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GLOUCESTERSHIRE'S
JET AGE MUSEUM

We are open from 10am to 4pm on Saturdays, Sundays, the majority of UK Bank Holidays and selected Wednesdays during Schools’ holiday periods. 

Jet Age Museum is closed on Christmas Eve, Christmas Day and Boxing Day. 

Please check here to confirm opening dates.

FREE ENTRY ~ FREE PARKING ~ SUITABLE FOR ALL AGES

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Welcome to THE GLOUCESTERSHIRE AVIATION COLLeCTION at jet age museum

We celebrate Gloucestershire’s rich aviation heritage from the early days of flight, through the birth of the Jet Age to the present day.

Jet Age Museum is staffed only by volunteers, some of whom flew in aircraft we have on display. Come and visit, ask questions and learn about the history of aviation in Gloucestershire and beyond. We aim to preserve the past and inspire the future.

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Learn about our Exhibits

Jet Age Museum has a wide range of aircraft, engines and restoration projects on display.  

You can learn about our aircraft, projects and artefacts online, but there is no substitute for a visit, our knowledgeable volunteers are on hand throughout your tour to answer any questions you may have.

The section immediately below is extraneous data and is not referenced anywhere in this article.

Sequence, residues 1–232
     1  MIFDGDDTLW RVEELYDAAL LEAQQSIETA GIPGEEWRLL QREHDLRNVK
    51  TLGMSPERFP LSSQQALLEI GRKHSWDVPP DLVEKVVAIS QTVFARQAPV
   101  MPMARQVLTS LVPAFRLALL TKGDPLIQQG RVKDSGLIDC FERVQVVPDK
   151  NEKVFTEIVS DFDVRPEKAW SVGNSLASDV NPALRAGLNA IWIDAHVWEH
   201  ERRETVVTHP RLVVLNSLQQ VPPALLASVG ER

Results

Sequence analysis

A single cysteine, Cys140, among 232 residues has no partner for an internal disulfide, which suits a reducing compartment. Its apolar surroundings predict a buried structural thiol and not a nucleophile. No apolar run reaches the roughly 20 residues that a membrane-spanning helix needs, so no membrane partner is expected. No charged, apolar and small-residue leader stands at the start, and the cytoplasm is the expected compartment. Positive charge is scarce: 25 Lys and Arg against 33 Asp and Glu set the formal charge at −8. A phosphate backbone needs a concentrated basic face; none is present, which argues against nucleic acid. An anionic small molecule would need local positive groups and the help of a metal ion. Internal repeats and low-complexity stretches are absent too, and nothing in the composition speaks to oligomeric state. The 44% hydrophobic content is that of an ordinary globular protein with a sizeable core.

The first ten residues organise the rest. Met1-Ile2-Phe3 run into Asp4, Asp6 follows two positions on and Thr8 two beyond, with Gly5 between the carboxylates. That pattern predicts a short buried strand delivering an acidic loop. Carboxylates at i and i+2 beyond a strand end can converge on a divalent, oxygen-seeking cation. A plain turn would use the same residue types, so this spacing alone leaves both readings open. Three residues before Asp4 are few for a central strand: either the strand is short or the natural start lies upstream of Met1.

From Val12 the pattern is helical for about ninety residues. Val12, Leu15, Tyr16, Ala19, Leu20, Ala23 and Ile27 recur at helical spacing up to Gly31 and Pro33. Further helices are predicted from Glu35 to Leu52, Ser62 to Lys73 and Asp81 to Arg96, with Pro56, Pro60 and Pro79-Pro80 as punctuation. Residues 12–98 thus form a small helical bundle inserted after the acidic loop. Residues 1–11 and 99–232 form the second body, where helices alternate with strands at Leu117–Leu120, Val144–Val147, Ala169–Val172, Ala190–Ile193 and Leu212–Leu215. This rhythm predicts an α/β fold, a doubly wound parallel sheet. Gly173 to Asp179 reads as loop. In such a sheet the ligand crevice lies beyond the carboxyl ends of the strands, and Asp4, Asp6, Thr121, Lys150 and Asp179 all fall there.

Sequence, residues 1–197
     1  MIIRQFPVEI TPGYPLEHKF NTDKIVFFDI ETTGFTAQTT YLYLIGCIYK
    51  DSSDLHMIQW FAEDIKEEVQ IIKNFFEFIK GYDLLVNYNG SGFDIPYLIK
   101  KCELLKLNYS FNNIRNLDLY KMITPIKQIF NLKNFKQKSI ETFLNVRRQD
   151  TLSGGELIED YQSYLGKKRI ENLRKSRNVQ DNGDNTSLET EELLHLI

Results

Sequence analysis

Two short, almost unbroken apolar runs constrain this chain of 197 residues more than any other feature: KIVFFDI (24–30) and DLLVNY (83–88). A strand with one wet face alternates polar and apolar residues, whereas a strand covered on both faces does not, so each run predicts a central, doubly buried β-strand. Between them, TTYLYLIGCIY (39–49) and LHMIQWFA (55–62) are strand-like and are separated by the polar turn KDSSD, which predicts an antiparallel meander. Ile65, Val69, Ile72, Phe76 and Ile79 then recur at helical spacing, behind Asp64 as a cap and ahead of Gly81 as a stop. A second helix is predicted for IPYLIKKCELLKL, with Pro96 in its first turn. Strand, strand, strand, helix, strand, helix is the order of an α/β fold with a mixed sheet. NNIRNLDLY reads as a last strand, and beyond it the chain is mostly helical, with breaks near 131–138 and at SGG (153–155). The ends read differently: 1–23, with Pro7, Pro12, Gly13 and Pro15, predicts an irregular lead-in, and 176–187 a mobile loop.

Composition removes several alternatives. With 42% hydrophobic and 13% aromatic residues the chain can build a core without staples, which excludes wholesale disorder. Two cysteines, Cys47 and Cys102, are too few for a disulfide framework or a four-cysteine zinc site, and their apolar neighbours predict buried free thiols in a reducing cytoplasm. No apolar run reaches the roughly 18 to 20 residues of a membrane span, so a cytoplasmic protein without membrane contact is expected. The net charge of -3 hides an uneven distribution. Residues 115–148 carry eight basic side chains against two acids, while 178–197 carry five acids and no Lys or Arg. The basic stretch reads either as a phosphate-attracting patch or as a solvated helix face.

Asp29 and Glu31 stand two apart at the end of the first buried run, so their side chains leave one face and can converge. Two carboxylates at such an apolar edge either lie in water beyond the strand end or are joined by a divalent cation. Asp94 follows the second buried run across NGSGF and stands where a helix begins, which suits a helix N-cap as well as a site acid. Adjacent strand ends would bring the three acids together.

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Visit our Open Cockpits

We offer timed guided tours of our Avro Vulcan bomber cockpit and our Hawker Siddeley Trident airliner. Please note that due to limited space and the steep access ladder, Vulcan tours are not suitable for small children, disabled guests or those with claustrophobia. The Trident is reached by a set of steps and may not be accessible to some disabled visitors.

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Support our work

The museum and our restoration work is run entirely by volunteers and financed by charitable donations.  

We need donations, parts for restoration and willing volunteers.

Think you could help?  We’d love to hear from you.

What's happening at Jet Age

Our next event at Jet Age Museum 

PIGS CAN FLY
By
HELEN LANDAU
performed as a radio play

Tells the story of the early flying pioneers led by Charles Rolls and the engineering exploits of the Short Brothers and their battle to gain recognition not only from the Government, but the public and the press. It also describes the tragic love affair between Charles Rolls and Vera Hedges Butler blighted by the strict class divisions of the period.
An outrageous stunt by Frank McClean finally convinced the Government that Pigs Can Fly.

Fancy a Flutter and Help Us

Buy a ticket for £1

Nominate us as your chosen charity